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Beaurocracy costs hides inflation

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How public sector inflation is hidden
(Filed: 28/04/2003)

The Government's tax-and-spend policy is doomed to failure because the bureaucracy needed to administer the system destroys value, says George Trefgarne

I went to a school which once specialised in bureaucracy. Haileybury was founded to train the Indian Civil Service and did so until the East India Company was effectively abolished in the middle of the 19th century.

According to the historian Niall Ferguson, the ICS was the most efficient bureaucracy in history, administering a continent of 400 million with just 1,000 staff. Would that modern British bureaucrats were so conscientious.

For bureaucracy is one of the absurd features of 21st-century Britain. We have so many bureaucrats, nobody can count them. Bureaucracy is not so much a growth industry as a virus, stifling initiative and suffocating creativity. It has become the chosen profession of the nosy-parker and the second-rater, elevating timidity, form-filling and bossiness above enterprise and endeavour.

Incredibly, the British state does not know how many people it has on its payroll. The best estimate from National Statistics is more than seven million, or one in four of the workforce if you include those employed in "outsourced" projects. That is up by 150,000 in the past year.

In a little noticed paragraph in his Budget, Gordon Brown admits to employing 5.2 million directly and said the Government would be hiring another 200,000 people in the next three years. Thanks to this bonanza, public sector pay rises are far outstripping those in the private sector, which are now insufficient to cover recent tax rises.

If only the new staff were doctors, teachers and policemen. But just half will go into the front line of public service. The rest will shuffle bits of paper, impose health and safety initiatives, draw up partnerships and charters and hold conferences.

The NHS, for instance, has 210,000 managerial and clerical staff. Even if they were all made to do something useful, like make hospital corners, they would still be underemployed. The NHS has only 199,000 beds.

Bureaucracy is especially prevalent in education. Last week, we reported that one primary school headmaster is so fed up that he has resigned. Nick Butt, who runs St Edmund's in King's Lynn, Norfolk, was asked to cut his budget, despite having to spend 8,000 fixing finger guards to doors.

If he wants to take his pupils to the nearby beach, he has to fill in a risk assessment report for approval by the local authority.

All this, of course, is in stark contrast to the boasts of Charles Clarke, the Education Secretary, who says that the Government is increasing education spending by 11.6 per cent this year. But this measures only inputs, not outputs.

The Government is shovelling money into the system, but much of it is lost by the time it gets to schools - 500 million has disappeared in unspent funds. It seems that some bureaucrats are now so unproductive, they can't even waste money properly. Perhaps they have been on holiday, or paternity leave, or exercising their new right to work "flexitime".

Mr Clarke blames local education authorities. But the truth is he just wants to claw back the money for Whitehall, where his department employs 5,000 people. According to a study by Nick Seaton*, a third of all education spending goes on bureaucracy and centrally imposed initiatives.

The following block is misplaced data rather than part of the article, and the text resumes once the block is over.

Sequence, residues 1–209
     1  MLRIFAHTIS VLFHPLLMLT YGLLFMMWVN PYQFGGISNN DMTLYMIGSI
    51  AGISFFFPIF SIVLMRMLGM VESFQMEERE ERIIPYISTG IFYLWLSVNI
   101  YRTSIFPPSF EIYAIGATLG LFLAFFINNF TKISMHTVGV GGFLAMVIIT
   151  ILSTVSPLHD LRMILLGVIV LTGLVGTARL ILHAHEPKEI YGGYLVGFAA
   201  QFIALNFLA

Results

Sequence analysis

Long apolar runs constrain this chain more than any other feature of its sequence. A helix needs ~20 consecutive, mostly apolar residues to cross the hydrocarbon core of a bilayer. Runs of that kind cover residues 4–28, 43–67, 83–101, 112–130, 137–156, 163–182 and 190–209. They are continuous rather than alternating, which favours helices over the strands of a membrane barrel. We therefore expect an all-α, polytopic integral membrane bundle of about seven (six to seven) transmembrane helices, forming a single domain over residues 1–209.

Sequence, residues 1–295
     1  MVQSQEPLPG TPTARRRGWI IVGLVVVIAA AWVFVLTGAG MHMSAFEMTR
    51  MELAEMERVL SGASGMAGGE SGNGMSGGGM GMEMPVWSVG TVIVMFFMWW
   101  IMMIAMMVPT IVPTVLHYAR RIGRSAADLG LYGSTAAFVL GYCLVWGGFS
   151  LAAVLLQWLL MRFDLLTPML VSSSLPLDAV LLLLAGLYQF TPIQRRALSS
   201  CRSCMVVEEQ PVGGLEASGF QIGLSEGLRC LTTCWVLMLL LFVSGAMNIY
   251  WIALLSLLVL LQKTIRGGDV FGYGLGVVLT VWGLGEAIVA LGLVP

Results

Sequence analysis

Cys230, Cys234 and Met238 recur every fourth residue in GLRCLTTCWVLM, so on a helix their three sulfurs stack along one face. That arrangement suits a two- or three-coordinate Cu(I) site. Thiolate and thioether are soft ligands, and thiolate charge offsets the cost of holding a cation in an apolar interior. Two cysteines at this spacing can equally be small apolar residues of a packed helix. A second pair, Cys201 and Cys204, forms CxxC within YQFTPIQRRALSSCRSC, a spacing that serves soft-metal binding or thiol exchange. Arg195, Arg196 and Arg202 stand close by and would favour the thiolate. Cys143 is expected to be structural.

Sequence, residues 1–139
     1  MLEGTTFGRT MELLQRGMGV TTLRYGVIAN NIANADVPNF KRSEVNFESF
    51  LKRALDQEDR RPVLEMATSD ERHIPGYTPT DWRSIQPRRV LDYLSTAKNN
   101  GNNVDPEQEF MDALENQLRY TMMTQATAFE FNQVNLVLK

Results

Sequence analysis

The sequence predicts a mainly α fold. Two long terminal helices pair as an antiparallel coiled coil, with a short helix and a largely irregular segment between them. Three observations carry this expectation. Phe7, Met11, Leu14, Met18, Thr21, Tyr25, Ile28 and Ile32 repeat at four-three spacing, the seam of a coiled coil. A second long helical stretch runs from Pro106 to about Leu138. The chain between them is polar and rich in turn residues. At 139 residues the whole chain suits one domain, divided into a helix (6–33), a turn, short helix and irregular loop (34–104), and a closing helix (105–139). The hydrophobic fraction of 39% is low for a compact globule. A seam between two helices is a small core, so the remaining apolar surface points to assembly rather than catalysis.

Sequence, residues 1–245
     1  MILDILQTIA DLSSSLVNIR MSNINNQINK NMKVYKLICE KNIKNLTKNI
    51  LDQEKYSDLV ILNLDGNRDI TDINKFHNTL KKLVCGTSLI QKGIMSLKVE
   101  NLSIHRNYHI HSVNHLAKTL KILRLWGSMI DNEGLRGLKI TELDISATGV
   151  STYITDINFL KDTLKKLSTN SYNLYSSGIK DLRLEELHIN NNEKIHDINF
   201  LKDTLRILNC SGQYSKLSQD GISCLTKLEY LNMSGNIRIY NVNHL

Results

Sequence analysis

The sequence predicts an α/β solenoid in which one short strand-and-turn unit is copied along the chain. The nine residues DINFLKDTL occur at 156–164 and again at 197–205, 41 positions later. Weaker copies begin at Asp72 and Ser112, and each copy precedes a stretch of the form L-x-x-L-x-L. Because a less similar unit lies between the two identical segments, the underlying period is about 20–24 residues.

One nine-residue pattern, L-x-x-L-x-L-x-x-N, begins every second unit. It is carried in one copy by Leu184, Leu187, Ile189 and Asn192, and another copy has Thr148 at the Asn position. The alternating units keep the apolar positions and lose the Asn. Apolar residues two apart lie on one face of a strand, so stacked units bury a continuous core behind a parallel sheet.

As befits a system run for and by bureaucrats, the allocation of funding to schools is complex. First, the Treasury provides the money to the Department for Education, which hands half over to local authorities. It passes on what it can spare to local education authorities, which deduct about a fifth for their own running costs.

The other half is allocated centrally via the department and its quangos. By the time the parcels of money reach schools, what was about 5,000 per pupil has been reduced to about 3,300. In other words, if you put 10 into the state education system, only about 7 of education comes out the other end.

The case of the missing 500 million is a classic example of how the Government's tax-and-spend policy is doomed to failure, because the bureaucracy needed to administer the system destroys value. There is another word for getting less for your money every year: inflation.

But public sector inflation is hard to measure because unlike, say, the price of bread, which we can see in the shops, bureaucracy is a hidden cost. The outputs of state organisations such as the NHS and the state schools are free at the point of use.

We have to rely on the likes of Mr Seaton, burrowing through the Government's accounts, to find the true cost of the invisible disease Labour is spreading.

This year, the hidden inflation of the public sector is even worse because of the increase in employers' National Insurance payments, which go straight back into the system, so the process can start all over again. And extra money must be paid into teachers' pension funds (which have also been degraded by tax rises).

So the education budget may be going up, but it is mostly being absorbed in extra costs. The 11.6 per cent increase in spending is really the education inflation rate. It would be far better if money was allocated to schools on a per capita basis and LEAs abolished.

An Old Haileyburian in a braver age, who devoted his life to running hundreds of square miles of India by himself, would turn in his grave to survey the evil empire modern civil servants preside over. Their profession is being discredited by waste. Many of them should be ashamed at the pointless jobs they do.

* The True Cost of Education, published by the Centre for Policy Studies

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